Content, and imagery-rich, the story of women trying to make it to the top has attracted a wealth of “obstacle” symbolism. Examples such as the “labyrinth” representing women’s long winded path of twists and turns to leadership (Eagly & Carli, 2007) and “glass cliffs” (Ryan & Haslam, 2005) describing the precarious leadership positions offered to women in times of crisis, suggest an external symbolic topography of barriers. The glass ceiling (Hymowitz & Schellhardt, 1986), perhaps the most widely known metaphor of hindered female advancement, is no different: the ceiling is an obstacle that is solid, impenetrable, concrete, allowing female leaders to watch their competitors move up yet remaining invisible to others. read more (PDF)

Leslie GoldenbergRoles of the Coach Within the Walls: Trojan Horse, Field Medic, Canary

Core exploration of the paper: To be an external organizational consultant or leadership coach is, by definition, to be an “other,” with a vantage point outside the client’s organizational walls. What about internal consultants or coaches? How much “otherness” do we represent, and how “other” do our clients seem to us? What unique roles are available to the coach within the walls and how does the internal coach position herself moment-to-moment? This paper proposes to explore, with cases and theoretical texts:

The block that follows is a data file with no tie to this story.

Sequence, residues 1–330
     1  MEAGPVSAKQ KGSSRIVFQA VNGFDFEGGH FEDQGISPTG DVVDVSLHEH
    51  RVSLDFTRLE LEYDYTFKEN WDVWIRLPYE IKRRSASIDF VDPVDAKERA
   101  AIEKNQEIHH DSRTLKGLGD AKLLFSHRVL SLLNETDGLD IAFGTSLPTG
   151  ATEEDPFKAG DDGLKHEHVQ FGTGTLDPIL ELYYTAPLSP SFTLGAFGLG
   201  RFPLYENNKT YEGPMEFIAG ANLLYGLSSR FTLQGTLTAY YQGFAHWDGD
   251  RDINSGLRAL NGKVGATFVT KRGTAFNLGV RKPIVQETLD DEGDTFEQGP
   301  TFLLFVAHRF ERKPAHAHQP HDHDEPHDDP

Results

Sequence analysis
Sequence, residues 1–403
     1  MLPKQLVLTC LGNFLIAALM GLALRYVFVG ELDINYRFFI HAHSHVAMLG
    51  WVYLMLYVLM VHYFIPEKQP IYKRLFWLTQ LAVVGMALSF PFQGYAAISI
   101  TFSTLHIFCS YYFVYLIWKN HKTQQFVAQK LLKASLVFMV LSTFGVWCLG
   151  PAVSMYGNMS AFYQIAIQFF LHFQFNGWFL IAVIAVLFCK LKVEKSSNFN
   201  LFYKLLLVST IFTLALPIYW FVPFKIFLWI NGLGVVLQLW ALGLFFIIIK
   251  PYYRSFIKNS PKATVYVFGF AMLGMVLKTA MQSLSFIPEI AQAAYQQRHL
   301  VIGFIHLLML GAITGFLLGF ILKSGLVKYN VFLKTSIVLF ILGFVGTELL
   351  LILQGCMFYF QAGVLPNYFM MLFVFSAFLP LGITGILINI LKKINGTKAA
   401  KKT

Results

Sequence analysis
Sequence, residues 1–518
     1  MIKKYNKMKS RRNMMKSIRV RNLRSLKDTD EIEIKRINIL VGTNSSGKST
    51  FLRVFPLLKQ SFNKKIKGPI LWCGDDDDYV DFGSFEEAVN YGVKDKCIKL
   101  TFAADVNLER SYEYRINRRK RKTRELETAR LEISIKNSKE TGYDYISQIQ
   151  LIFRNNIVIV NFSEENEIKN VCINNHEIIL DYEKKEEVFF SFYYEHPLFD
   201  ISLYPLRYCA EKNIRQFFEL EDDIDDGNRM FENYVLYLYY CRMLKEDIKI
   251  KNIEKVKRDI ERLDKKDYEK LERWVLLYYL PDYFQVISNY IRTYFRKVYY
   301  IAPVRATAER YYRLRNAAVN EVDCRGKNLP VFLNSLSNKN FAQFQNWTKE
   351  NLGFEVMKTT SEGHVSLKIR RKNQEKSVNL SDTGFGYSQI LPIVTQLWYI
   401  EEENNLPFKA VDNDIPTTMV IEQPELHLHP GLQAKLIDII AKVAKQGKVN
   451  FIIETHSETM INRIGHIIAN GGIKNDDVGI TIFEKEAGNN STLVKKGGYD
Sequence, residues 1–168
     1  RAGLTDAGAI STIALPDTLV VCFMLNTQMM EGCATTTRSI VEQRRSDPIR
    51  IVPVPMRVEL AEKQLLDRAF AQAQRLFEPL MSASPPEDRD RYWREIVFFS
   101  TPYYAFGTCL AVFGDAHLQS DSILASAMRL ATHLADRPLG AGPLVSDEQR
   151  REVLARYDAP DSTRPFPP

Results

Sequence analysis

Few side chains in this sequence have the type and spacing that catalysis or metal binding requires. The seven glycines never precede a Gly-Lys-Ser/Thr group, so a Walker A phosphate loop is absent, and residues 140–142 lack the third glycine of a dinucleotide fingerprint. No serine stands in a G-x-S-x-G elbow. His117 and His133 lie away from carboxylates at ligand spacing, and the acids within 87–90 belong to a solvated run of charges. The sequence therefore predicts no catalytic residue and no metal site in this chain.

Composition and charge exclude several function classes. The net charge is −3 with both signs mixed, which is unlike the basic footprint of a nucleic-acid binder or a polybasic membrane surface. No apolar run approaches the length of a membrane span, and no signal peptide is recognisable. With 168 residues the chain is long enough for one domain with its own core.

1) How internal coaches can deploy three roles represented by the metaphors of Trojan Horse (subversive force), Field Medic (collusion), and Canary (warning system),
2) Practical considerations for succeeding as an internal resource, which may also apply for externals who might be prone to “go native”
read more (PDF)

Sari Mattila & Ajeet MathurShut In, Shut Out: unexamined ‘otherness’ in repressions, suppr., oppr., expressions

Fear of systemic collapses is a pervasive emotion in circulation. There are numerous reminders of how politics of exclusion and hatred are being perpetrated against group identities in support of jingoistic nationalism with plenty of “wall-building” in various parts of Eastern Europe, South America, the Middle East, Asia and Africa. The struggle over Brexit affecting UK and Europe, the gridlock over President Trump in the USA, China’s rejection of verdicts by international courts over territorial disputes in South East Asia, collapse of WTO’s Dispute Resolution Mechanism, unfinished talks over a new trade deal, climate change, biodiversity, food safety and food security, UN reform and the retreat from globalization reflected in sharp reductions in foreign investments worldwide are disturbing signs of various kinds of ‘shut in, shut out’ phenomena marked by collective despair and angst. Some of these are expressions of withdrawal; others unconsciously fueled repressions or outcomes of suppressions or reactions to oppressions triggered by complex sets of motives and powerbases. These need distinguishing to enable differentiate ‘walls’ by our proposed typology and the framework developed to distinguish walls from fences, hedges and other iconic demarcations of diversity and plurality. read more (PDF)